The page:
A Topical Description of
Book Two of a Four-Part Series
by author Steven M. Collins
Israel's Lost Empires
Ordering information is below. Several key new books have been printed. Happy Reading!
The Lost Tribes Of Israel Series
by Steven M. Collins
Israel's Lost Empires
More information is presented documenting the worldwide
scope of the Israelite/Phoenician Empire. Hebrew/Phoenician artifacts and inscriptions
have been documented widely in North America, but these facts have been suppressed
by a modern world that is devoted to evolutionary fables instead of historical truths
that support the Bible. This book will offer readers the truth about the extensive
navigational and maritime skills of the ancient Israelites and Phoenicians, and it
reveals their worldwide
reach. The Israelite/Phoenicians established a network of colonies throughout the
Mediterranean Sea, in Western Europe, the British Isles and North America. Considerable
new evidence is offered to document the extent to which they explored North America
in a search for metals and raw materials to meet the need for Solomon's Temple for
God and his other gargantuan, building projects.
Israel and Judah became two separate and often-hostile kingdoms after the United Kingdom of Israel fell apart during a very bloody civil war. The northern ten tribes of Israel increasingly adopted the religions and customs of its allies: Tyre, Sidon and Egypt. Judah, the smaller kingdom retained the capital city of Jerusalem, but they were afterwards excluded from the Israelite/Phoenician maritime alliance. The Kingdom of Israel gradually degenerated as a nation as they disobeyed God, but they remained a dominant naval power. The drought in Elijah's time stimulated waves of Israelite migrations from their homeland and they founded new colonies for their people, including Kirjath-Hadeshath (identified in modern texts by its Roman name: "Carthage").
There is a myth that the Israelite tribes all went into captivity when Samaria fell. In fact, the Bible and Assyrian cuneiform records agree that few Israelites were left in the land when Samaria fell. While many had gone into captivity in earlier Assyrian invasions, most Israelites migrated voluntarily by sea and land to several new locations to begin rebuilding their national strength. There is much evidence documenting the voluntary migrations of the Israelites out of their old homeland to avoid Assyrian invaders. The kingdom of Judah continued longer in the land, but its people also eventually were removed during invasions by the Assyrians and Babylonians.
After Israel's ten tribes relocated elsewhere, their "free" descendants build two new empires. The ancient Greeks and Romans wrote a great deal about both of the new Israelite empires, but modern texts have almost completely deleted their histories from modern textbooks. This deletion has hidden and obscured the major role of the ten tribes of Israel in all periods of world history. The first major new Israelite Empire was called "Carthage" by the Romans. Unlike the land-bound Greeks and Romans, Carthage built a maritime, commercial empire linking its colonies on several continents. Carthage's language and culture was based on its Hebrew origins. Many Carthaginian (i.e. "Punic") inscriptions confirm their presence in the ancient Americas and their connections with Meso-American cultures is also documented. The interaction of Old World civilizations with ancient New World cultures (and specific American Indian tribes) is periodically examined.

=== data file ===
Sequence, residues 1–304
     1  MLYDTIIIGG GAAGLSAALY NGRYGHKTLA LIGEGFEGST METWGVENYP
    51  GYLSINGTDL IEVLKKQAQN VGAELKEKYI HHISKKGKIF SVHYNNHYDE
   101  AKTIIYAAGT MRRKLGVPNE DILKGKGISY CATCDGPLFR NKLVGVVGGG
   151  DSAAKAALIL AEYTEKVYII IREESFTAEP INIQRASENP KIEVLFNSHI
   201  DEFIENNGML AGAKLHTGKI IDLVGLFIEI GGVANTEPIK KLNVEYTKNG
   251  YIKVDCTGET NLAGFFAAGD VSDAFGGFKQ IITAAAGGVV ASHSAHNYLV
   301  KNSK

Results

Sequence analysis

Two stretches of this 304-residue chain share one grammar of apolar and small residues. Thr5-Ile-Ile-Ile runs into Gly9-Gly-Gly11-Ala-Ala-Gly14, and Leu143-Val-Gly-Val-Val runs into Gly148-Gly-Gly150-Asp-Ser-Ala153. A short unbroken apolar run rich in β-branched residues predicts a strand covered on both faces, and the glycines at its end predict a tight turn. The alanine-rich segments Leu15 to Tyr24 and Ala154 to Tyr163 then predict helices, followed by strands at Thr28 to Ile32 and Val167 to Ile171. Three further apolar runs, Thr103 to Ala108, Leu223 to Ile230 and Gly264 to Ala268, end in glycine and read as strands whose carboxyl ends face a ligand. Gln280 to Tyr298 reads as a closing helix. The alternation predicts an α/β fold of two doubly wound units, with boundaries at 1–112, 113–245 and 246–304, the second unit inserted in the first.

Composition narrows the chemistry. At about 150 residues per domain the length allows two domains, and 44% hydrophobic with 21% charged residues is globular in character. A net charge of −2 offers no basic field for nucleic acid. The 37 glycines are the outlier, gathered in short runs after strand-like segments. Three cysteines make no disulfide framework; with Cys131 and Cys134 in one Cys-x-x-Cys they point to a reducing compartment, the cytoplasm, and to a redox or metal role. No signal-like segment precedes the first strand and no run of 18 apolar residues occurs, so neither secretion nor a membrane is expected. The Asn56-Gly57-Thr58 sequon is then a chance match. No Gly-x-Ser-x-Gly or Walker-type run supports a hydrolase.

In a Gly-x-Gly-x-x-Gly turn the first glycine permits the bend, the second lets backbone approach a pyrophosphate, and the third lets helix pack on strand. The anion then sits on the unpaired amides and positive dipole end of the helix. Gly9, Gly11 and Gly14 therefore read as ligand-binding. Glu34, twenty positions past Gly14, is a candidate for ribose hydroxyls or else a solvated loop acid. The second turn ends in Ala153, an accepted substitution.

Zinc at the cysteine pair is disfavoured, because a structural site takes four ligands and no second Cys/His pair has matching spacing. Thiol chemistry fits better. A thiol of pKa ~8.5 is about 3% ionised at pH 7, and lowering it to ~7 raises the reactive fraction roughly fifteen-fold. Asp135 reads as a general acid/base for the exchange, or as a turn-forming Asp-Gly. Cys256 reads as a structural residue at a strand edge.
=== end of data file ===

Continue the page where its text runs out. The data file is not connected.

Carthage long warred against Greece and Rome, dominating Rome for centuries. The true history of the Punic Wars are detailed in this book, including an observation that it was likely God's intervention which prevented the Carthaginian General, Hannibal, from completely conquering Rome. If Carthage had annihilated Rome, as almost happened during the Second Punic War, Rome could not have risen to fulfill biblical prophecies about it. Carthage was a huge city, the richest in the ancient world at that time. Where did its population flee before the Romans finally conquered Carthage?
Simultaneous with the rise of Carthage to power in the Mediterranean world, another new power rose to prominence in Asia. This new power was Scythia, and its tribes were named the Sacae. The term "Sacae" preserves the name of the Hebrew Patriarch, Isaac, fulfilling God's promise in Genesis 21:12 that Isaac's name would be placed on Abraham's "birthright" descendants. Scythia's Israelite origin is extensively documented. The names of many Israelite tribes and clans are present and identifiable among the Sacae tribes. The Scythians also renamed all of the rivers emptying into the Black Sea, giving each one a name based on the name of the Israelite tribe of Dan. The Scythians were located to the north of the Medo-Persian Empire and twice crushed huge Persian armies that invaded Scythia. The Scythians are mentioned in both the Old and New Testaments, but they are called by their Greek name ("Scythia") only in the New Testament. The Greeks wrote extensively about the Scythians, but modern texts have almost entirely censored this ancient power out of the textbooks.
Read an interesting excerpt from this book on the "Book Excerpts" section of this website!